Cyber-security is a Growing Field for IT Job-seekers
April 29, 2013
For those looking to secure prosperous IT jobs, there's one sector in particular with plenty of openings, and many are surprisingly going unfilled. The cyber-security industry, an important one at a time when countless organizations are being attacked by hackers worldwide, is currently understaffed. More cyber-warriors are needed to keep the world's data safe from intrusion, but the field is still struggling to attract young people interested in joining the industry, especially women.
TechWorld recently reported on this troubling trend, citing survey data compiled by E-Skills in partnership with Alderbridge Consulting. The study found that only 7 percent of IT professionals are aged between 20 and 29, compared to 31 percent between 30 and 39 and 21 percent from 40 to 49. The lack of female talent was also a glaring problem – only 10 percent of those in non-commercial IT positions are women..
Nigel Payne, project director at E-Skills, hopes that the industry will work to reverse this trend soon by bringing in more young talent.
"This research offers real insight into training and qualification issues in the cyber-security industry," Payne said. "Attracting new talent, of both sexes, into the sector is critical, and we need to make sure that new entrants can easily identify and follow a worthwhile career path. The easier it is for them to find the training and qualifications they need, the faster they will become successful and productive assets to their employers."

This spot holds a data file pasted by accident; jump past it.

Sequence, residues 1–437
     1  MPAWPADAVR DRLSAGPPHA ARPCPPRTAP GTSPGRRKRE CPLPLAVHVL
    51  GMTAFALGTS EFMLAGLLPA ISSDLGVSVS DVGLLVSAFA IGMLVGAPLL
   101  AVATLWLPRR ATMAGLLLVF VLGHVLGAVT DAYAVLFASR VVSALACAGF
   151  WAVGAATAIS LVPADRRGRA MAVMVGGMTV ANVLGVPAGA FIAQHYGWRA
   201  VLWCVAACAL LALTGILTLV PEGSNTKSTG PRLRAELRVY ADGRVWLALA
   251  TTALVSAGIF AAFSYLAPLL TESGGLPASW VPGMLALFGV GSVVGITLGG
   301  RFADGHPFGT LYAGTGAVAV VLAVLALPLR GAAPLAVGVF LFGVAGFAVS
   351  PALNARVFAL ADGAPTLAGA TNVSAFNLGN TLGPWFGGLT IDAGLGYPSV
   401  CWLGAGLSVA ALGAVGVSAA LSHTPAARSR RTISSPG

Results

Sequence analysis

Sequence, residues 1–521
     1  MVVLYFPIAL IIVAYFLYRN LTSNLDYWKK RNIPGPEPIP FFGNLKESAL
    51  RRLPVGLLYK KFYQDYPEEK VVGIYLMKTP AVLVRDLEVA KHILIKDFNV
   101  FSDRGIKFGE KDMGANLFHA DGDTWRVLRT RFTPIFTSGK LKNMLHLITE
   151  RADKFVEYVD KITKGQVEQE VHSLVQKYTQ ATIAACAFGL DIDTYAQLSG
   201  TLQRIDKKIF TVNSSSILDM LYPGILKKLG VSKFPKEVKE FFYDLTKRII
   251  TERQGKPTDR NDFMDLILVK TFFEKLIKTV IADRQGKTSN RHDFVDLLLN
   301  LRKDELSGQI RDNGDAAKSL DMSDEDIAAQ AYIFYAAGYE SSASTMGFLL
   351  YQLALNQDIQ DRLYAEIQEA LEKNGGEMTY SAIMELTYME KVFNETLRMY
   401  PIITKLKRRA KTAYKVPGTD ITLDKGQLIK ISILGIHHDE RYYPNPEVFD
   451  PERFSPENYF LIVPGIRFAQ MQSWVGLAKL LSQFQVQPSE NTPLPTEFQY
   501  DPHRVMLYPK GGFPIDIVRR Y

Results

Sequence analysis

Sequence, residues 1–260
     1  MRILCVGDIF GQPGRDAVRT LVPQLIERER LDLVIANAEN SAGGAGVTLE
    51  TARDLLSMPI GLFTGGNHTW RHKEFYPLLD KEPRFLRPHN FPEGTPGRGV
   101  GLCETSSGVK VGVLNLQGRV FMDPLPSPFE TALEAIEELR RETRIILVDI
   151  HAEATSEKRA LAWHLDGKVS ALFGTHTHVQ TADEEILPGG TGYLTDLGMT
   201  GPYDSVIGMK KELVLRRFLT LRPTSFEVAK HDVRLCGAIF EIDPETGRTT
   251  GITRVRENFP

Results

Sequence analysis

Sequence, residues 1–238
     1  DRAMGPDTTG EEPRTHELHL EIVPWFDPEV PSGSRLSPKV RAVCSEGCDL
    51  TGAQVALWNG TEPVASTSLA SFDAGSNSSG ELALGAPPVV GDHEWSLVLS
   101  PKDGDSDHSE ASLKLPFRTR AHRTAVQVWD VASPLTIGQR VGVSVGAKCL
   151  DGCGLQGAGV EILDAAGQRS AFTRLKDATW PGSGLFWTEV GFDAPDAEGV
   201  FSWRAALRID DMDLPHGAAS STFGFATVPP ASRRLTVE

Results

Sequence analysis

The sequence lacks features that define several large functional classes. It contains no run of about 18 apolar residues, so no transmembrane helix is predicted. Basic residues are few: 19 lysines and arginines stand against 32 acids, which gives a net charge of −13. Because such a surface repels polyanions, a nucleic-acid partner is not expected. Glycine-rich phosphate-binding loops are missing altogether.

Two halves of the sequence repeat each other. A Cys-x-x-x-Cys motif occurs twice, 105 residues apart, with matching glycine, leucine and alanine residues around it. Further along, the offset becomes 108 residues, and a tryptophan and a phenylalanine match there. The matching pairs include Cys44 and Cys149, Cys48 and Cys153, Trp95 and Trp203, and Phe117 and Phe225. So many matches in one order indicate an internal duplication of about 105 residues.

Follow the money
There is good news – attracting more talent to the cybersecurity field shouldn't be too difficult considering the money to be made in the sector. Nextgov recently reported data found by InformationWeek's Salary Survey for 2013 – the news source polled 682 security professionals across a variety of industries and found that while the median salary had decreased by $2,000, the security field in particular was doing much better. Management salaries in the sector were especially strong, increasing by $5,000 to a new high of $120,000 per year.
Cybersecurity professionals also said that on the whole, they were very happy with their jobs. Among the employees polled, 63 percent said they were satisfied in their current positions. Additionally, the jobs are secure – 89 percent said they feel secure in their current jobs, which is a slight drop from 2012 but still an impressively high level.
There are plenty of IT jobs out there, but perhaps none are more gettable or lucrative than those in the security field. Employment-seekers should take note.